Lagom is the Swedish word for ‘just the right amount, sufficient, adequate, just right', and sometimes ‘in moderation' and ‘in balance'.
Lagom, authored by Stockholm-born Steffi Knowles-Dellner, who is now living in London as a food blogger and tutor of Nordic cooking classes, fulfils all my expectations of Swedish and Scandinavian cuisine, containing recipes for soothing porridges, open sandwiches, plenty of fish and full use of the less ‘sexy' grains and vegetables, like pearl barley and parsnips.
The book is categorised by breakfast, lunches and light bites, main meals, desserts, baking and ‘bits and bobs', and the recipes balance the traditional home comfort recipes of Knowles-Dellner's childhood with the global influences and healthier evolution of Swedish cooking.
Sweden has accepted more refugees per capita than any other European country, which has resulted in a melting pot of cuisines and influences, including the surprising popularity of tacos, for which Knowles-Dellner has her own ‘Scandi' twist. The book also offers recipes such as a creamy gazpacho made with cucumber and dill, and ‘Scandi' fish and chips with fried herring and crispy shallots.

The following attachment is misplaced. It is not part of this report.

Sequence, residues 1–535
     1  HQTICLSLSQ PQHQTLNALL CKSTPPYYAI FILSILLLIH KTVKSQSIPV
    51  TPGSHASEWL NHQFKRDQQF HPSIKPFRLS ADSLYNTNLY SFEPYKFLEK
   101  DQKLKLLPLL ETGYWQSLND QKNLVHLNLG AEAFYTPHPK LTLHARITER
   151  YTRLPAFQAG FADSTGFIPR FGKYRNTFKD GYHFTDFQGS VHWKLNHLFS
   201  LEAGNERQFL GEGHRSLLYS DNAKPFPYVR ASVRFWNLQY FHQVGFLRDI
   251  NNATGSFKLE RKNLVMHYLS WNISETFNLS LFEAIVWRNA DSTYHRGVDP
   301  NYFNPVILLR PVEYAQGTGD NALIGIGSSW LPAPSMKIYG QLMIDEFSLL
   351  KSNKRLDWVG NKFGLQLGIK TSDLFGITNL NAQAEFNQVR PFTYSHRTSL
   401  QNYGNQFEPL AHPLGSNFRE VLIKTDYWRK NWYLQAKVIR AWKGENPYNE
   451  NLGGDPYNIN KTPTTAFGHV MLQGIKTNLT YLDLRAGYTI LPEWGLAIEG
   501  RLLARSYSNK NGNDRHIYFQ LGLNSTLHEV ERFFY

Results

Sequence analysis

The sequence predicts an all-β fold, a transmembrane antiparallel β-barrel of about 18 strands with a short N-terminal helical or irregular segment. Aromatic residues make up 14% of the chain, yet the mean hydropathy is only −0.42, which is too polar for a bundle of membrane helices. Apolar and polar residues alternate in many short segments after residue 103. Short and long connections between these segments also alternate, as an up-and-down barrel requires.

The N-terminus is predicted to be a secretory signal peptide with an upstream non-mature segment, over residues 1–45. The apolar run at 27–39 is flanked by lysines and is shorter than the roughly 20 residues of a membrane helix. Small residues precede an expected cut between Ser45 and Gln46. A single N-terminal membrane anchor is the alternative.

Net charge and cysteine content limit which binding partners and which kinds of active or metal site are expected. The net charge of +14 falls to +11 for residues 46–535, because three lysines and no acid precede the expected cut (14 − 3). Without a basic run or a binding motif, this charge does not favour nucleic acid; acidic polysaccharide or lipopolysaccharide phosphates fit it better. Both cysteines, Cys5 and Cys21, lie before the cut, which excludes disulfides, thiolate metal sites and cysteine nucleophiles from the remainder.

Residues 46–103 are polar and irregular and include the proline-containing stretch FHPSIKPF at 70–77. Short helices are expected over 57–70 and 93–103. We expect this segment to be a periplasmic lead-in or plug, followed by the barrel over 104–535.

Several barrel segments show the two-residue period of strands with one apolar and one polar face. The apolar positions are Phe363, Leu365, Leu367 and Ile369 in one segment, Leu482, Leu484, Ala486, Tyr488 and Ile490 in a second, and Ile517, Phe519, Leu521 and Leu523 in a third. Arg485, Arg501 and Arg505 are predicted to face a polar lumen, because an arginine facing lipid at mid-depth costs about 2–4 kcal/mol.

Of course, there are dumplings and meatballs, and beetroot and dill play their roles, but to imagine that the dishes you find in Ikea are all the Swedes eat is like saying every Brit eats a full English for breakfast and a shepherd's pie for dinner.
The recipes wouldn't prove challenging for a professional, but for any chef looking to introduce some Scandi style to their menu - or even just to learn a lesson or two in how our northern cousins take such gorgeous Instagram shots - Lagom would be a lovely page-turner.
If you like this, you may enjoy these
Noma: Time and Place in Nordic Cuisine by René Redzepi
The Scandi Kitchen by Bronte Aurell
The Nordic Cookbook by Magnus Nilsson
Lagom: The Swedish Art of Eating Harmoniously (£20, Quadrille)